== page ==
This post is not about Scott Pilgrim. It's not about Superman either, for that matter. It's about something much more personal.
My comic shop, Stand-Up Comics, is closing.
The news came pretty unexpectedly for me. Though I knew business hadn't been great, I didn't know it was nearly this bad. I suspect it's largely due to the economy--when you've got to choose between comics and food, eventually food wins. I haven't bought comics in over a month for precisely that reason. Things suck all over, and it's hard for any small business in a niche market to stay solvent in the current climate.
I've applied superlatives to Stand-Up Comics in the past, and I stand by them. It is seriously the best comic shop I've ever been to, and brother have I been to a lot of comic shops. They have a wide selection of comics, displayed in a sensible, organized manner, and with excellent discounts. They offer more than just geek paraphernalia; while most comic shops' attempts at diversification usually lead to gaming materials and used paperbacks and porn, Stand-Up Comics brought in local bands and held comedy shows. The shop is spacious and well-lit, welcoming and friendly. My fianceé always appreciated the "girlfriend couch," a place where she could sit and relax while I browsed, rather than following me around like, in her words, "a lost puppy," given that she's a lot less interested in the material than I am. That's a lot more than most stores offer their customers' significant others, or girls in general, for that matter.
Stand-Up Comics is still going to be around for a few more weeks, though you won't be finding the most recent books on the shelves this coming Wednesday. Still, everything in the store will be marked down, and it sounds like there might be some end-of-an-era events in that time as well. I don't know if I can make it to the shop in the next few weeks--I'm living pretty lean until my next paycheck or two--so I'm asking my readers for a favor: Drop by. Stop in for everyone who can't, for the people like me who are too damn broke to help out good friends. Buy some books and boards and boxes, not out of charity, not out of pity, but out of recognition. Stand-Up Comics tried new things. They aren't a conventional comic shop, and they're better because of it.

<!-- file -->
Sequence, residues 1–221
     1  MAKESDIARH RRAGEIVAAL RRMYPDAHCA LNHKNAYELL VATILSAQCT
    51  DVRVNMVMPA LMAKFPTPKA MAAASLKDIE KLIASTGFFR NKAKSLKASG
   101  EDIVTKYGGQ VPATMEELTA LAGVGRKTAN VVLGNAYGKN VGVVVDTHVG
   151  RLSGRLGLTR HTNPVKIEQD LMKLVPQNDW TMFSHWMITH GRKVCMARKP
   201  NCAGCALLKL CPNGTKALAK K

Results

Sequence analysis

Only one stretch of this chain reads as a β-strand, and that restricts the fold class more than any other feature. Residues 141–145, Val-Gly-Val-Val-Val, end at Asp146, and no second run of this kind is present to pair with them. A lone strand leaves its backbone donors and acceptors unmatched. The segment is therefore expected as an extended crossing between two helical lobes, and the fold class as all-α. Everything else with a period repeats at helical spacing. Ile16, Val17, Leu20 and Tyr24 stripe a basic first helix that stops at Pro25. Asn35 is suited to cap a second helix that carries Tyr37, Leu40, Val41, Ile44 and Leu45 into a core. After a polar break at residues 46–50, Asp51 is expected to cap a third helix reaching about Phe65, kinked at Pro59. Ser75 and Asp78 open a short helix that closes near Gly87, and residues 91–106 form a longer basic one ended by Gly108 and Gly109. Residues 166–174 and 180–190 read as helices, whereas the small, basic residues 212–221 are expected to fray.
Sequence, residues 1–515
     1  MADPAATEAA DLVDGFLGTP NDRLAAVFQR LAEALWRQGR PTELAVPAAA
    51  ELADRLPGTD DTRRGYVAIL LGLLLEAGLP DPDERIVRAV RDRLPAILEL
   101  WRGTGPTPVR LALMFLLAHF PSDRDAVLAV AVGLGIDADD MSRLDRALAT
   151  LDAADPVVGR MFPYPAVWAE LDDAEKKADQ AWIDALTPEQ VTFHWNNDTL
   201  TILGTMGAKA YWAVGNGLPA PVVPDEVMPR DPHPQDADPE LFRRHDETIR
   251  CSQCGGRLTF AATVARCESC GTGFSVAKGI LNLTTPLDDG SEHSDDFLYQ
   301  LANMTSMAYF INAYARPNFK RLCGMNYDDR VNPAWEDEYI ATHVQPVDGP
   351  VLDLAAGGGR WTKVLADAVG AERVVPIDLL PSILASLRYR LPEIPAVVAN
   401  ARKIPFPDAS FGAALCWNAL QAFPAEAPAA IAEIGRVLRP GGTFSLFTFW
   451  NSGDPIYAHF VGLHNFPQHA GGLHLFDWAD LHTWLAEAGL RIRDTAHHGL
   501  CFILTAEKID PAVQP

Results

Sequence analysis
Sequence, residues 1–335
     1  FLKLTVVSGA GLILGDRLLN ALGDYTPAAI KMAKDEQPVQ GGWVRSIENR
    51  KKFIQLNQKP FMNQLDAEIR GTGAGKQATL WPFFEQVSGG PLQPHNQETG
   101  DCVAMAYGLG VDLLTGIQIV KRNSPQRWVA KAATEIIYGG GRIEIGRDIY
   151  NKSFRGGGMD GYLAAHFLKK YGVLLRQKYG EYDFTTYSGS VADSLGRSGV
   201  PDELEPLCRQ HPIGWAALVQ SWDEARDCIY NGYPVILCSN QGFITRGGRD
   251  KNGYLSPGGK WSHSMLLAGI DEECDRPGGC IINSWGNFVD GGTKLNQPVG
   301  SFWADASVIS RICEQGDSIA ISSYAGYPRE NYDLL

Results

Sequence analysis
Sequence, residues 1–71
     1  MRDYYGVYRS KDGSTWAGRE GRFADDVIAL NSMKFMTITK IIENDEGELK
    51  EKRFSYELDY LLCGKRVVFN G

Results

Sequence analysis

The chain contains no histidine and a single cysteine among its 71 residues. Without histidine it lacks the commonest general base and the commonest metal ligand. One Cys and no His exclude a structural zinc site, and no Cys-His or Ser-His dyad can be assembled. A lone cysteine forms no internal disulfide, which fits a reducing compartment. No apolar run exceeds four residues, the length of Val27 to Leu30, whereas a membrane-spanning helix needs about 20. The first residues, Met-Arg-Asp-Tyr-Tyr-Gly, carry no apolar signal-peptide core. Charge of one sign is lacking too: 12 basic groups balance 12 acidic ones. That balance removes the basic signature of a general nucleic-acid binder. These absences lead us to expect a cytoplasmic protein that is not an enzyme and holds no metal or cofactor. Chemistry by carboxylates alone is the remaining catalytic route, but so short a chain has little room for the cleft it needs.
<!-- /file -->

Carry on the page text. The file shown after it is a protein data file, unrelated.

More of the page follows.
And I don't think you can say they failed. I've seen small businesses with much wider appeal than comic shops flare up and die away within weeks or months around me; when I drive around my town, I see dozens of empty storefronts, some of which have never actually been rented, others the remains of short-lived businesses from just the last few years. It doesn't help that there are several other comic shops in the same general vicinity, or that Chicagoland is home to one of the largest comic shop conglomerates in the country. That Stand-Up Comics managed to stay open and popular for nearly five years, run by a bunch of comic fans with no formal business training, is nothing short of fantastic. The owners should be proud, and I know they are.
It's bittersweet, because the last thing I want to see is my friends forced into bankruptcy by a dying business, but I also hate losing a shop I've patronized faithfully, if remotely, since they opened. I've never had a comic shop close on me before. Today, I filled out the subscription form for that same conglomerate, and it felt like defeat.
But I'll get over it, and I'll move on. All of Stand-Up's customers will, and the owners are already moving on to new things. Sometimes change hurts. And often, change sucks. But change is what we get.
So good luck to Eric, Pat, Brian, and the rest of the Stand-Up Comics crew and customer base. I'll be seeing them around, and you should be seeing them too. I know I have readers scattered all over Chicagoland and northern Indiana, I've seen the referral logs. Take a trip down to 3429 Ridge Road in Lansing, IL, and show a little love for a shop that dared to try something more than Magic: the Gathering and Pokémon tournaments. In a world where comic shops are all too often run by people like this jackass, I think actual, quality shops should be rewarded. It's in our interest as customers to encourage comic shops to be as open and friendly and innovative as Stand-Up Comics, because it's one of few antidotes against the increasing insularity and homogeneity of comic fandom. Like it or not, comics are dependent on the direct market, and the direct market is dependent on new customers. And you can only get so far in that direction by stocking up on board games and D&D books.
I'm going to stop gushing and ranting, I think. You get the idea. Now get on down to the best damn comic shop in the multiverse before it, like all good things, comes to an end.